2018-02

How to thrive in a post-Amazon market

by Derick Lafleur
 | 
06 February 2018
How to thrive (not just survive) in a post-Amazon market
ANZ brands have been concerned about the arrival of Amazon’s full retail offer. But it also offers great opportunity for those willing to step up to the customer experience challenge.

Brands in Australia and New Zealand have been understandably concerned about the recent arrival of Amazon’s full retail offer. But it also offers great opportunity for those willing to step up to the customer experience challenge.

Firstly, business owners need to accept the fact that leading online operators like Amazon really do affect every other business (not just online). When a customer experiences industry-leading functionality and service (and the predictive intelligence that use of data allows), it becomes the benchmark against which all others are measured.

This jump in customer expectation is something, though, that shouldn’t be feared. Yes, Amazon is very good at what it does but that’s no reason to lose heart. To compete in this new world order of data-driven business, there’s plenty you can do to ensure you not only survive but thrive.

You need to be customer centric, not product centric. The best approach for businesses playing in a competing space is to first ensure that your customer engagement processes are as streamlined as possible. You need to simplify everything.


Be ruthless

The first thing we do with clients is to look at the way processes are managed. If a customer wants to buy a product or order a service, what steps do they go through? Is it easy and frictionless? Does the customer have all the information they need to move smoothly through the buying process? That's number one.

Once the customer has purchased the product or service, do they have everything they need to know how to use it? And if something goes wrong, do they know what to do? What is in place to support that purchase? 

For a business to truly compete in a post-Amazon world, it needs to master every aspect of the customer journey. This also means the business’s senior managers must fully understand the customer service experience from the customer’s point of view. In my blog How to Test your Customer Service, I outline how senior managers should test this experience by becoming an ‘undercover customer’.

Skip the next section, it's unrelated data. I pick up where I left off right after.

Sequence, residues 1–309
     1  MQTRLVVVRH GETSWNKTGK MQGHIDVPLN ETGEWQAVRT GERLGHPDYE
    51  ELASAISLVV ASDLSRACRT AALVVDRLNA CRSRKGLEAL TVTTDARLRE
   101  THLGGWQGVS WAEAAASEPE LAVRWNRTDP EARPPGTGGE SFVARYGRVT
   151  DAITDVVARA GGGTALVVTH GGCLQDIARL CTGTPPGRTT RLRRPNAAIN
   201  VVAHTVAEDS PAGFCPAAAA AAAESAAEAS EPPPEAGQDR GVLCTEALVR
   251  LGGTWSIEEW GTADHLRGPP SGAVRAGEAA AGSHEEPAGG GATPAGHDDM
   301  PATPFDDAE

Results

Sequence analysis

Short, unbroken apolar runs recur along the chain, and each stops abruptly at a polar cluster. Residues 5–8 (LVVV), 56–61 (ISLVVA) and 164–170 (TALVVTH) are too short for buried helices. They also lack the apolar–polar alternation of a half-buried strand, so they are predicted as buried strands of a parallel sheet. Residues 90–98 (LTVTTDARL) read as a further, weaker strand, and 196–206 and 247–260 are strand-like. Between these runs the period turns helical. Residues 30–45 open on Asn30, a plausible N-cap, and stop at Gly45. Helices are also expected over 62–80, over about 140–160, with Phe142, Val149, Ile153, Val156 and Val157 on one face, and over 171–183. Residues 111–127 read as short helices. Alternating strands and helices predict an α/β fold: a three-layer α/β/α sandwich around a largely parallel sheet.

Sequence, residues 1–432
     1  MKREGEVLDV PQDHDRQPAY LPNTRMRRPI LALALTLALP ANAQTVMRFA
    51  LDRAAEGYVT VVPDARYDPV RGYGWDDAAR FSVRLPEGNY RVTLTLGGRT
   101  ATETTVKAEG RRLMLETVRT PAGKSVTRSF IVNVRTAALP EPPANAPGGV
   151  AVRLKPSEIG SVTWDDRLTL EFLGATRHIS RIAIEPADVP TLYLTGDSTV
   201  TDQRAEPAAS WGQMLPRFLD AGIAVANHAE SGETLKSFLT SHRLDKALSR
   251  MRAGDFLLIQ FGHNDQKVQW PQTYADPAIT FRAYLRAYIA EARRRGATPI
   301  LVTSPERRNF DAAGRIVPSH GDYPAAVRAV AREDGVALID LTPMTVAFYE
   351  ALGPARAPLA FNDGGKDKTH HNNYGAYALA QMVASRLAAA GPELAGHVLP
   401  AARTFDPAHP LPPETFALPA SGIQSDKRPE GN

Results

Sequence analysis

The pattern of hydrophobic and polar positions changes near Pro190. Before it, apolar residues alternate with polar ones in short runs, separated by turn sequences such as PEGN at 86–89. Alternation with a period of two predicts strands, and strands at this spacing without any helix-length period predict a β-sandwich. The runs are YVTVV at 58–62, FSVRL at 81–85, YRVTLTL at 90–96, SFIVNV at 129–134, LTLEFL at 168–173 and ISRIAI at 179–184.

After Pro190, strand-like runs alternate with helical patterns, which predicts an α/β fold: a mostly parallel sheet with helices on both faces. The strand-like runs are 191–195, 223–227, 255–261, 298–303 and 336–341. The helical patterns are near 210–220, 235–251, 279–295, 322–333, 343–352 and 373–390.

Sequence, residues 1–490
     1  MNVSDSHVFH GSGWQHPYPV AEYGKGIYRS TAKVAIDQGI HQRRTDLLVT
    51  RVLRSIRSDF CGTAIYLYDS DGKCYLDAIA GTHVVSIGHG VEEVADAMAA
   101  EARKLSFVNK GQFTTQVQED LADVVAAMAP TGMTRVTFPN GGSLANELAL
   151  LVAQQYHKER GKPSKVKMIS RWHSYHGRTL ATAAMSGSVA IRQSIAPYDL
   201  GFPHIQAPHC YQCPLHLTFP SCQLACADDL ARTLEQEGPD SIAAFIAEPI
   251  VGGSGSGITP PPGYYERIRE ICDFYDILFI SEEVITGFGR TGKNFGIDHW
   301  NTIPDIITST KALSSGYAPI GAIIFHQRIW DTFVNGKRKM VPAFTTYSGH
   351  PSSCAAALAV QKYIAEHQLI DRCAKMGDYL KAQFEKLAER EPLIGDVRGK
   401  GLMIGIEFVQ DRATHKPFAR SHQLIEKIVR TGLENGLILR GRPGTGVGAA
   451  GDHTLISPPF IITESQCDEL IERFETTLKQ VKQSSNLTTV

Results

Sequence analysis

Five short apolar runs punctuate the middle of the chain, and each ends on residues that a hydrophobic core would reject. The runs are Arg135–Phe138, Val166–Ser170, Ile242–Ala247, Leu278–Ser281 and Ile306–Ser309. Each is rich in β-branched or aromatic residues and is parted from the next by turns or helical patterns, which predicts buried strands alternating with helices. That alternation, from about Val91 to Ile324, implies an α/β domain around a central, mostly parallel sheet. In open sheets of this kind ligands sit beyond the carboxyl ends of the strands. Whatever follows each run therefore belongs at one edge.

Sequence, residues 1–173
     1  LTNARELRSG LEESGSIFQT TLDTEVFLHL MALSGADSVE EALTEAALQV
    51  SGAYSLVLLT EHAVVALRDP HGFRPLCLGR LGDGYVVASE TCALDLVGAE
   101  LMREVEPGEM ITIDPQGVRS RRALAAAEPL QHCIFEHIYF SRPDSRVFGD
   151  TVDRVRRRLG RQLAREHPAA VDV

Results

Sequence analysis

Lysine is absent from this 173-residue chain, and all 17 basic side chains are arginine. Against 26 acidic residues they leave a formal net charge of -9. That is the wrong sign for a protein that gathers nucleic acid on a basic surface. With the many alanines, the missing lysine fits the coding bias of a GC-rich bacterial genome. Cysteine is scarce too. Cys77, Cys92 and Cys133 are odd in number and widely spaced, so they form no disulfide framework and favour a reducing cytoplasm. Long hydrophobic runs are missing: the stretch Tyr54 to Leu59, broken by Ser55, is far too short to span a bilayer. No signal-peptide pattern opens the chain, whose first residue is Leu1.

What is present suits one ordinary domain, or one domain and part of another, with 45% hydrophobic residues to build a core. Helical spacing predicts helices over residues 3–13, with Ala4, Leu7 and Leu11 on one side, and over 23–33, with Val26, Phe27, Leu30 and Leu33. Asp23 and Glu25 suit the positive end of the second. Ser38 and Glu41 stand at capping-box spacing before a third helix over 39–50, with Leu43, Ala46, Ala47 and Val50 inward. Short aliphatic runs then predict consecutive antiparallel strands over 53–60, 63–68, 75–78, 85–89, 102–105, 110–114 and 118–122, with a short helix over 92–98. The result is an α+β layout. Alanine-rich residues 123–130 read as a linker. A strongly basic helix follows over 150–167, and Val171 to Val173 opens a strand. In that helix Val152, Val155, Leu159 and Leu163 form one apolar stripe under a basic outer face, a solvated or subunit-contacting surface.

When a manager goes undercover, they can test recent changes to the system, they can find out whether the experience really is as simple and streamlined as it should be, and they can check consistency of branding, offers, information and voice across all channels.  


Truly understand your customers

How well do you know your customers? Most brands have a basic idea in terms of gender, socioeconomic grouping, or geographic location. That understanding, however, must be a lot deeper. 

With a greater understanding, a business will discover that it has entirely new and enormously powerful tools at its disposal. For example, do you know why your customers choose you over competitors?

Often, in customer surveys, if somebody gives a business a low rating then that rating gets all the attention. The business considers that it must do all it can to reduce the number of low ratings. But just as important are the high ratings. If someone is completely sold on your brand, it’s important to know why.